[Zimbabwe's veteran opposition leader Morgan Tsvangirai's] passing is of terrible sadness but represents enormous challenge to the new cadre of leadership in the opposition.
It seems highly unlikely that [former President] Mugabe would risk jeopardizing the handsome golden parachute he has been given by teaming up with Joice Mujuru.
A new presidential administration in Zimbabwe offers an opportunity for much-needed democratic and economic reform after years of stagnation. In this excerpt from our Watch List 2018, Crisis Group proposes four key areas on which the EU and its member states should focus its support: the security sector, elections, the economy and national reconciliation.
Delayed elections in the Democratic Republic of Congo (DRC), where the stalled transition risks provoking a major crisis, are one of three critical African polls: the DRC crisis, the recent vote in Kenya and Zimbabwe’s election next year all have important implications for democracy and stability on the continent.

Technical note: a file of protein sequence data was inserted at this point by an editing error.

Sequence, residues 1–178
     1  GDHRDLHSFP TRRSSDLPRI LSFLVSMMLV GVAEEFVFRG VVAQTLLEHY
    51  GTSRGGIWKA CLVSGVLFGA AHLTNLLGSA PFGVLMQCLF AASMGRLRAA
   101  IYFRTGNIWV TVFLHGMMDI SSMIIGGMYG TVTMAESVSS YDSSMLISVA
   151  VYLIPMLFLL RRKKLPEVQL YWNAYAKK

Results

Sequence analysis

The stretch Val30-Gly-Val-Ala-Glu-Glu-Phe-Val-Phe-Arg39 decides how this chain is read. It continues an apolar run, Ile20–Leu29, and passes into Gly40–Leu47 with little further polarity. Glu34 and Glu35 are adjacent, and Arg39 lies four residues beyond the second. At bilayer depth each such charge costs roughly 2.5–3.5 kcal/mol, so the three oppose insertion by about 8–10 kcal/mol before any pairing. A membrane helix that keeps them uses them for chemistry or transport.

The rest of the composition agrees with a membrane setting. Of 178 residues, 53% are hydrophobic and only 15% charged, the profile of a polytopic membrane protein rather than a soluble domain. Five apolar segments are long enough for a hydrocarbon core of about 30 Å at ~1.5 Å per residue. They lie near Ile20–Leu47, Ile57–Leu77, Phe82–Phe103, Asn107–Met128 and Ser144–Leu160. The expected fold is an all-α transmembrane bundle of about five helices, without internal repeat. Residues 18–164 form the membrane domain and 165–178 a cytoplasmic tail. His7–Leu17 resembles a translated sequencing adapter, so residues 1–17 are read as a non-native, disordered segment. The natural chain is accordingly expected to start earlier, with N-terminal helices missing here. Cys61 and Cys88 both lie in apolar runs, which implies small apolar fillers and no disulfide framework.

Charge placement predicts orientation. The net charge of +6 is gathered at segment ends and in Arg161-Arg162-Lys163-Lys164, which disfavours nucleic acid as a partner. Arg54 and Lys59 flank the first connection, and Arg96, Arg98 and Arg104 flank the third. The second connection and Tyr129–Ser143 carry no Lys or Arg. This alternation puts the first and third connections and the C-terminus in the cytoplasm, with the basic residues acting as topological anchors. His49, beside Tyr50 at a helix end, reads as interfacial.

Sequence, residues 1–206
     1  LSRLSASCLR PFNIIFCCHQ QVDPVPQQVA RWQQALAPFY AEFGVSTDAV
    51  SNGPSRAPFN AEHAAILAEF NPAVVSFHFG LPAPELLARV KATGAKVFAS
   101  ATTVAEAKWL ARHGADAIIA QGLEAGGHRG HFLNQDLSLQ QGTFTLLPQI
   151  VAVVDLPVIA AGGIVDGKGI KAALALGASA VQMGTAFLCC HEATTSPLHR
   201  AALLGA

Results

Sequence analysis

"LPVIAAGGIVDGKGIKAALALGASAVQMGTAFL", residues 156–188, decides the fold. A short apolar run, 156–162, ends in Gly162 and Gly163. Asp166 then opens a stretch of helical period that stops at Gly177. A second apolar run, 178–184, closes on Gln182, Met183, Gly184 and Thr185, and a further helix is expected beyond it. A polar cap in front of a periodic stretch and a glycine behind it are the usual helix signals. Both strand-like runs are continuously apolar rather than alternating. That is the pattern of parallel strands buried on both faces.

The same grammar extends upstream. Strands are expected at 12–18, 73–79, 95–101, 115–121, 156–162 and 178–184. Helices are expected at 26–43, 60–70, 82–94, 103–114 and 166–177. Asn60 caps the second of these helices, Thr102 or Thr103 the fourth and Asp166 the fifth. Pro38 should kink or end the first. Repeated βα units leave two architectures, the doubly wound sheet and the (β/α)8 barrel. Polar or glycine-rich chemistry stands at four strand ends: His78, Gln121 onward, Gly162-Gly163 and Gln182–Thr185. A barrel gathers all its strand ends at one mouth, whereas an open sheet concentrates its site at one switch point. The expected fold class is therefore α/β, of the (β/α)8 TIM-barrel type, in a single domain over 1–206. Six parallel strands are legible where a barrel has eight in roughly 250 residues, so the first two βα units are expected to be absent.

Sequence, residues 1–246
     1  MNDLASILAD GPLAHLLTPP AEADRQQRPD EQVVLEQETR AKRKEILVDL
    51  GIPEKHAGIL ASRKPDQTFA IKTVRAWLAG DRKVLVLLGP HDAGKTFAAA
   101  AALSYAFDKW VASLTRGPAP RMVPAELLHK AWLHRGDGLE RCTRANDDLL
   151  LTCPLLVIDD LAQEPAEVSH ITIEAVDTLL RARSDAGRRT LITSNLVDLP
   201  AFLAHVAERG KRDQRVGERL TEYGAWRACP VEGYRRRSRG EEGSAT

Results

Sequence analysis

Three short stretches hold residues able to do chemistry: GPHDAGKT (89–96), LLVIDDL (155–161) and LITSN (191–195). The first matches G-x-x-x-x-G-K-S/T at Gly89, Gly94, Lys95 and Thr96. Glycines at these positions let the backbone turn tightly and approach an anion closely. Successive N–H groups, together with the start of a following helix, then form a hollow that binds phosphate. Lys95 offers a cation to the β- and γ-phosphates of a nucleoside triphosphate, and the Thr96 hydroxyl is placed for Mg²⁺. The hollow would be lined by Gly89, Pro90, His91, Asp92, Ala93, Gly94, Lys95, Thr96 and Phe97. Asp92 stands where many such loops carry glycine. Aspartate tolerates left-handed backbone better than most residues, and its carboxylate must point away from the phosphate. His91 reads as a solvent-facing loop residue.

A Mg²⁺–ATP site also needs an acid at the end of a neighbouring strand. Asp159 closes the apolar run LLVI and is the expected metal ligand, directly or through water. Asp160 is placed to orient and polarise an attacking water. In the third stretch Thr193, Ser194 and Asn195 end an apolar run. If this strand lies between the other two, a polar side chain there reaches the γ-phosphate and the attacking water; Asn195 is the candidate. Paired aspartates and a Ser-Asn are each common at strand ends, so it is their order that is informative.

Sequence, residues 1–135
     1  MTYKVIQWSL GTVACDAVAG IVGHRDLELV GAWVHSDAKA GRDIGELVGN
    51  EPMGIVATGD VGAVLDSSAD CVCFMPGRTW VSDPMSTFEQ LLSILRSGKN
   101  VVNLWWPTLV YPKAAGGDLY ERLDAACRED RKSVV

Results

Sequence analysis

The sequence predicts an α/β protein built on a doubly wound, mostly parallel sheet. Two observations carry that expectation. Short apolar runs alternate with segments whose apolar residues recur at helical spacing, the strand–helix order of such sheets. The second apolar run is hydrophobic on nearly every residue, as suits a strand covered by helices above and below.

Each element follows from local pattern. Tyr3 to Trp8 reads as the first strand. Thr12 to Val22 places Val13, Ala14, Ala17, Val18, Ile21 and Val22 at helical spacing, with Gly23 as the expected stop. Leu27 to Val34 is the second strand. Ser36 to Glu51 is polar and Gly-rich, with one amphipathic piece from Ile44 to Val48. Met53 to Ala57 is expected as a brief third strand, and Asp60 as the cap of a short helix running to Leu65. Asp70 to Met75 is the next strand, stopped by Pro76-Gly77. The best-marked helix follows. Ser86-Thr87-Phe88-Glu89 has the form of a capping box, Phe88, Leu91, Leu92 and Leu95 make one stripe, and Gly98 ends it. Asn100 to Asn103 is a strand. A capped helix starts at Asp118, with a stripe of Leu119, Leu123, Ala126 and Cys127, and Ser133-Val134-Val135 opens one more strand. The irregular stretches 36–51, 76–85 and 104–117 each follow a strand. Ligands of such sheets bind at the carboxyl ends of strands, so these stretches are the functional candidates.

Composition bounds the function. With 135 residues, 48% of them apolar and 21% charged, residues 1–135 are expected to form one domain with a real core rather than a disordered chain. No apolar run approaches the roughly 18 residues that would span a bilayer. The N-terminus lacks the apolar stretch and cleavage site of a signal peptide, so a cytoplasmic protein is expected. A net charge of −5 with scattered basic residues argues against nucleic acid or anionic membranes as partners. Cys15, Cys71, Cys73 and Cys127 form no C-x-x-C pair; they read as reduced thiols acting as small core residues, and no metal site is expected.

President Robert Mugabe plunged Zimbabwe into political crisis by firing his long-time ally and enforcer Vice President Emmerson Mnangagwa on 6 November 2017. In this Q&A prior to an apparent army coup in Mnangagwa's favour on 14-15 November, Crisis Group’s Senior Southern Africa Consultant Piers Pigou gives the background to the struggle to succeed the 93-year-old president.
The ruling ZANU-PF is exploiting the many weaknesses of Zimbabwe’s electoral system to outpace the country’s divided opposition. Yet without a real change of policy, the country seems doomed to steeper decline.
Originally published in Zimbabwe Independent